Peter Viggo Jakobsen VERSUS David Lightburn
Peter Viggo Jakobsen is head of the Department of Conflict and Security Studies at the Danish Institute for International Studies in Copenhagen.
David Lightburn is an independent peace operations consultant who helped develop the Alliance's involvement in peacekeeping while at NATO between 1992 and 2000.
NATO has come a long way in the field of peace operations since the early 1990s. It has conducted a series of successful UN-mandated operations in the Balkans and is currently involved in a challenging and expanding one in Afghanistan. Now that the Alliance has made the strategic decision to go global and conduct military operations outside Europe, it is both natural and necessary to strengthen existing NATO-UN cooperation in this area in line with the recent suggestions made by both NATO and UN Secretaries General.
It is in NATO's self-interest to step up its support for peace operations that are either run by the United Nations or mandated by the world body and carried out by other actors such as the African Union. This is necessary to enhance operational effectiveness. NATO-led peace operations cannot succeed on their own without support from the United Nations and relevant regional and non-governmental organisations. NATO does not have the capacity to address the large host of non-military tasks that contemporary peace operations involve. The Alliance needed assistance from the European Union, the Organization for Security and Cooperation in Europe, the United Nations and a large number of non-governmental organisations to address these tasks in the Balkans. It relies on many of the same actors and others to address these tasks in Afghanistan. And this will also be true in the case of future operations.
NATO-UN cooperation on peace operations should be institutionalised through the signing of a joint cooperation agreement, regular high-level meetings, practical cooperation at desk-level between the relevant offices and the establishment of a secure communications system between the organisational headquarters. The EU-UN cooperation in crisis management would be a logical model to draw inspiration from.
Practical cooperation should be structured to add maximum value to both organisations. NATO should draw on its comparative advantages in terms of planning, communications, logistics, intelligence and strategic lift. Critical shortages in these areas are currently undermining the effectiveness of the United Nations' rapid-reaction arrangements, and NATO support in these areas could make a significant difference. Such assistance would generally not be manpower intensive and would enable the Alliance to make a crucial difference to UN operations without creating over-stretch problems.
NATO should declare its willingness to deploy combat troops in emergencies in support of the United Nations to prevent genocide or the outbreak of civil wars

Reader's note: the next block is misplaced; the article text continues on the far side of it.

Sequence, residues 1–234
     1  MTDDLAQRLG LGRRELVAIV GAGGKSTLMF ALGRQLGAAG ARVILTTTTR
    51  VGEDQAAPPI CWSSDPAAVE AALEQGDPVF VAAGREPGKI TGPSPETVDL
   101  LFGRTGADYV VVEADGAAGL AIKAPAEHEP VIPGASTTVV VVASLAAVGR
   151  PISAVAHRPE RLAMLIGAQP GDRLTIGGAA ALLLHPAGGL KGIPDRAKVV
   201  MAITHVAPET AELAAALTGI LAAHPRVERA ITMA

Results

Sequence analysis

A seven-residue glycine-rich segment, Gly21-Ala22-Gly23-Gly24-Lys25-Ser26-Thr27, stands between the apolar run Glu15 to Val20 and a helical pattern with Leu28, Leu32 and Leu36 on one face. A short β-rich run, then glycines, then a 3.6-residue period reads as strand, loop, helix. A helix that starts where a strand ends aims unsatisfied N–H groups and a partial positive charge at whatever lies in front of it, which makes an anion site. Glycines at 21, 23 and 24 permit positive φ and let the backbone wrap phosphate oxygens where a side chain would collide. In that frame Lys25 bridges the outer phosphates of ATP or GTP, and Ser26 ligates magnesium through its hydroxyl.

NATO support for UN peace operations should not be limited to support services, however. NATO should also make a commitment to deploy combat-capable forces at short notice on a case-by-case basis. To minimise the risk of over-stretch and exploit its comparative advantage in high-intensity operations, NATO should only offer troops on a first-in, first-out basis for peace-enforcement operations. NATO should declare its willingness to deploy combat troops in emergencies in support of the United Nations to prevent genocide or the outbreak of civil wars. These forces would then stay for a limited period, up to six months, to give the United Nations or other organisations the time to prepare a follow-on force. The Multinational Standby Force High Readiness Brigade for UN Operations (SHIRBRIG) is based on the same model, but unlike NATO it cannot field combat-capable forces for high-intensity peace operations. The NATO Response Force (NRF) would be ideally suited for such a role, which would highlight the fact that NATO is the only organisation in the world with the capacity to deploy combat-capable brigade-size forces at short notice. Since the European Union will not have such a capacity in the foreseeable future, it would also help establish a division of labour and reduce the level of duplication between the two organisations.
The practical/operational case for enhancing NATO support to UN peacekeeping is, in short, convincing. If we add the question of NATO's legitimacy, it becomes compelling. NATO's involvement as a peacekeeper in Afghanistan and the former Yugoslavia as well as its absence from Iraq demonstrate the crucial importance that UN mandates play for building consensus within the Alliance with respect to peace operations. It is equally, if not more, important with respect to mobilising international acceptance of a global NATO role, particularly in Africa and the broader Middle East. In these parts of the world, NATO's decision to move beyond the Euro-Atlantic area is seen as motivated by enlarging the Western/US zone of influence rather than enhancing international peace and stability. Support for UN operations not directly linked to the "war on terror" will therefore be crucial to convincing non-Western governments that a global NATO is a force for good. NATO requests for assistance are more likely to be viewed favourably by the United Nations and the relevant regional and non-governmental organisations if, in turn, they can count on NATO support when they require it in theatres that the Alliance does not view as a strategic priority.